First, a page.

Before the big day, Falynn Koch wanted to do something special for her groom, Tucker Waugh. So, she whipped up a cake for him made out of mac n cheese.

Like, actual macaroni and cheese. “The layers are extremely dense… with a thick roux base that I bake in rounds and need to allow to complete[ly] cool,” she explained in an email, written from her honeymoon in Peru. She placed cheese puffs (the junk food kind) between its layers and then added some more to adorn the whipped cheese frosting on top. Voila. There was the groom’s cake. And to think the armadillo groom’s cake in Steel Magnolias made a splash.

I know people are busy before weddings, but having this sort of silly handmade thing means something to both of us,” she said in the email.“He’s a carpenter by trade,” Koch, a comic book author and illustrator, wrote of her husband. He “made us a handmade box to collect and keep wedding keepsakes in, so a cake is the least I can do in return.”  The Old City couple got hitched at the Franklin Institute this past Saturday. They met at the Savannah College of Art and Design, but knew each other for years before they started really dating. Koch shared a couple images of the dessert(?) on social media earlier this week. The frosting had Velveeta in it. Velveeta commented on Koch’s IG post, “WOW! Looks awesome :)”

The groom’s cake was the second of its kind. The first she made on request a couple months back. Koch used to run a mac and cheese food truck. She’s a member of the Indy Hall community; a colleague there approached her about preparing something for a friend who loves them some mac. That cake had its day at a bar after a burlesque show (the birthday girl was a performer). Waugh’s cake cutting was more low-key; Koch made it, and family joined them at their place.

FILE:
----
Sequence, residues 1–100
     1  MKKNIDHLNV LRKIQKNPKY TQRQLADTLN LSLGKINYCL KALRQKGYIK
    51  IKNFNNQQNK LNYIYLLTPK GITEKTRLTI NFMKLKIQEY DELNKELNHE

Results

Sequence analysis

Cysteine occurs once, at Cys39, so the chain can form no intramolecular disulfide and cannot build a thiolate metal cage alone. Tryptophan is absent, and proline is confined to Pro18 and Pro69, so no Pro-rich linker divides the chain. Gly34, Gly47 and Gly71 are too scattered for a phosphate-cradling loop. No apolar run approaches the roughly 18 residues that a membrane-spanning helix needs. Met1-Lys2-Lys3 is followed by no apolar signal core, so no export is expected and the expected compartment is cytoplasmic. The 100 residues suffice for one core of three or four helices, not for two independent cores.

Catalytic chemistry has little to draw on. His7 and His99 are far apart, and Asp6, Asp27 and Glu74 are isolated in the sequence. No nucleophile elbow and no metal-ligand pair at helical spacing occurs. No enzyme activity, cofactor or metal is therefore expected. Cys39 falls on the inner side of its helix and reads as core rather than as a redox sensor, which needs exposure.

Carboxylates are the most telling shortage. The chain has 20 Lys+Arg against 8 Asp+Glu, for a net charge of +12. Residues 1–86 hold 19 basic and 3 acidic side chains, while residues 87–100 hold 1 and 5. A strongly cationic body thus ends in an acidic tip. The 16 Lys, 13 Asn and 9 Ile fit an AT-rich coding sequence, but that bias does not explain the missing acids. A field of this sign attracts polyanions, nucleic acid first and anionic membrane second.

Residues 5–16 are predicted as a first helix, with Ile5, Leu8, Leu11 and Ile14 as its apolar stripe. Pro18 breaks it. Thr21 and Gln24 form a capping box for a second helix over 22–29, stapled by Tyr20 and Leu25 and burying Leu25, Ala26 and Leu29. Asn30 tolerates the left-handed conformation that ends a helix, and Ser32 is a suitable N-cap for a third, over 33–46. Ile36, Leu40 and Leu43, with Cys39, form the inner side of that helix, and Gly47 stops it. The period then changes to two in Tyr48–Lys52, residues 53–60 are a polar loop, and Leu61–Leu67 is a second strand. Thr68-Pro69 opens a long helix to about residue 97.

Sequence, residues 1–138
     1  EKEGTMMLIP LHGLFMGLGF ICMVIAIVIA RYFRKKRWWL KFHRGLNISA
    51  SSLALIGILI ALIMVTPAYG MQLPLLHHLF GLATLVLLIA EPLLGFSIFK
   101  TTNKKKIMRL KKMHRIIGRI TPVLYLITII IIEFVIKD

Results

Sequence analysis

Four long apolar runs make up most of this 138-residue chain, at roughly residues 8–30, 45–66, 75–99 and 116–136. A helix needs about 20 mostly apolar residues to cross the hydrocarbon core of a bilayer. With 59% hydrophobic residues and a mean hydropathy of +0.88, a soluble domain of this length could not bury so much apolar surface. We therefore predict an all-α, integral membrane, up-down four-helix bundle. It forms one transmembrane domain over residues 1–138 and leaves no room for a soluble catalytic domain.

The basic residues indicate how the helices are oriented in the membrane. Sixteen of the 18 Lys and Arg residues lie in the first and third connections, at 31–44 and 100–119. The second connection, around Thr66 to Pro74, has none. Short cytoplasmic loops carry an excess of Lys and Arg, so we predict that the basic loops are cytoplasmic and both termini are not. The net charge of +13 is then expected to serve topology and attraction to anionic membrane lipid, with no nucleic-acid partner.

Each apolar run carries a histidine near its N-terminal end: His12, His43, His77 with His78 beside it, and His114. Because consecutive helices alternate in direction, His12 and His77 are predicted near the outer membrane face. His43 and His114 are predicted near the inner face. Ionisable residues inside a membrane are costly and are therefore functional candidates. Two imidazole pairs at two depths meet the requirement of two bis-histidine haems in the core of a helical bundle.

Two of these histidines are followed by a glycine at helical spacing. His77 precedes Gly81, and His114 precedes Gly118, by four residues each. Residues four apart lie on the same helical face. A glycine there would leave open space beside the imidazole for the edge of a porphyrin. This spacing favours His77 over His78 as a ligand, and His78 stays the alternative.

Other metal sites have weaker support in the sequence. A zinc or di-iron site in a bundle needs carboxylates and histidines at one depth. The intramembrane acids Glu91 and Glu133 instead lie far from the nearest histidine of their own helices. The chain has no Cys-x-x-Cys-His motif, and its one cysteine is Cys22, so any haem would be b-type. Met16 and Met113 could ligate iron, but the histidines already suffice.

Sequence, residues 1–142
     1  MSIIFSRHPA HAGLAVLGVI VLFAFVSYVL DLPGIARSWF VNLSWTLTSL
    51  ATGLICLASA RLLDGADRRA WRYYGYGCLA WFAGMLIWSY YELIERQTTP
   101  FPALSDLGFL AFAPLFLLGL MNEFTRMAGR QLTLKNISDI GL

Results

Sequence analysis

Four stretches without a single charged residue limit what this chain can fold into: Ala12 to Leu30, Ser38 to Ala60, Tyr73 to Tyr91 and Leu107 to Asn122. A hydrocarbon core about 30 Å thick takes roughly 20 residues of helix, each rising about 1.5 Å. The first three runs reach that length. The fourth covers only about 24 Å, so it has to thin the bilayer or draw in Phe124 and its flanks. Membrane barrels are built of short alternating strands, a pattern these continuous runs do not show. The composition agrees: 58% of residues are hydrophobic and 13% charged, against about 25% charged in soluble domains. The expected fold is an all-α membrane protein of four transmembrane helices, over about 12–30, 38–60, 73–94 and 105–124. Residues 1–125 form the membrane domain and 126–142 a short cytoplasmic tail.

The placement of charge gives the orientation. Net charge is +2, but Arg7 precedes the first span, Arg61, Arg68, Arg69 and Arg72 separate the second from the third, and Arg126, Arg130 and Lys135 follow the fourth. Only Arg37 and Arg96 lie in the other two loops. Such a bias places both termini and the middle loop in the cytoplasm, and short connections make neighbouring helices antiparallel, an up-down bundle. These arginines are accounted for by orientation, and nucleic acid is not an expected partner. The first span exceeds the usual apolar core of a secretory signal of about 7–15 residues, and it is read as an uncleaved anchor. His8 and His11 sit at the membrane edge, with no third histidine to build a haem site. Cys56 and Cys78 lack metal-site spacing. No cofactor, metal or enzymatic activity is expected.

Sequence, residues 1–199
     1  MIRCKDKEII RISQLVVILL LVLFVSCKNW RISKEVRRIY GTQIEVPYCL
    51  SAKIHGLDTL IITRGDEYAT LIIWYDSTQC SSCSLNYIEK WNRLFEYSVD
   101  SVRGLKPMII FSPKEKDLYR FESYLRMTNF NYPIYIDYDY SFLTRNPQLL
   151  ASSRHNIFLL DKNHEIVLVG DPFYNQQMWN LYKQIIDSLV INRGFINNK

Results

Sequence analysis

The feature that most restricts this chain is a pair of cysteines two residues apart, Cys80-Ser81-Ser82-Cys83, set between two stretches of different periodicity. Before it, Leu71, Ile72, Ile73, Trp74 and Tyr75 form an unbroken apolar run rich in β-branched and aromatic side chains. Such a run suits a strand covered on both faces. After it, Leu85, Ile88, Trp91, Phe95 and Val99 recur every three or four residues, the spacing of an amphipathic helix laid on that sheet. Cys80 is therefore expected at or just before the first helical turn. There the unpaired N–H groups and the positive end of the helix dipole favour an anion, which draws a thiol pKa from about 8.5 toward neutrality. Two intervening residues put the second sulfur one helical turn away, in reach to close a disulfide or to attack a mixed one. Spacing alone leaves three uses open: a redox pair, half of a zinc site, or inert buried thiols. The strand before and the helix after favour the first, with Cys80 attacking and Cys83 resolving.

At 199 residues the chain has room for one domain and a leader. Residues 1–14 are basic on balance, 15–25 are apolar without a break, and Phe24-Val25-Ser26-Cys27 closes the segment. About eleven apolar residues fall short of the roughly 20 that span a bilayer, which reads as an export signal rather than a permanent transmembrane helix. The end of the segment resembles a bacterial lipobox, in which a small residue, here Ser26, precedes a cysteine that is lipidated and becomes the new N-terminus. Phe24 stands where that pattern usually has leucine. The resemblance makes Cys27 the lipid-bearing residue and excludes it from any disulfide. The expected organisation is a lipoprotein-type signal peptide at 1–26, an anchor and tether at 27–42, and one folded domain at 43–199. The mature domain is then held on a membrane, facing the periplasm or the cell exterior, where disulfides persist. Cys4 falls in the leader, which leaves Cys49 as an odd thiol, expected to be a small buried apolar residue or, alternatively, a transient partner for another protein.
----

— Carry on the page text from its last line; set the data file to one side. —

Their guests didn’t know exactly what to make out of it. “People don’t know if it’s going to taste like traditional cake or if it’s cake with cheese on it, or even if it’s like cheesecake the dessert but with noodles in it because of the way it looks,” she wrote. This recipe is savory. She explained, “It looks like cake dough in photos because when you cut it, the knife leaves a smooth edge and you don’t see the noodle shapes.”

Making one of these bad boys, she shared, is “at least [an] overnight” process. She’s making more, though.

“I’m still figuring out what fillings I can put in there without the density of the Mac and cheese ‘cake’ layers smushing it back out; cheesy poofs are fun, but there’s lots of other flavors I have in mind,” she said in an email. “Jalapeño filling is probably my next attempt.”


[T]here’s all sorts of little things you learn and need to perfect from doing something new, I’ll have to make about a dozen more before I’m sure It’s the way I like it,” she also wrote. Her husband? He was with it. She noted that he was “by my side” when she won “Most Original” at a vegan mac and cheese competition earlier this year.

The recipe?

A spin on green bean casserole.

Cassie Owens is a reporter/curator for She was assistant editor at Next City and has contributed to Philadelphia City Paper, Metro, the Jewish Daily Forward, The Islamic Monthly and Spoke,...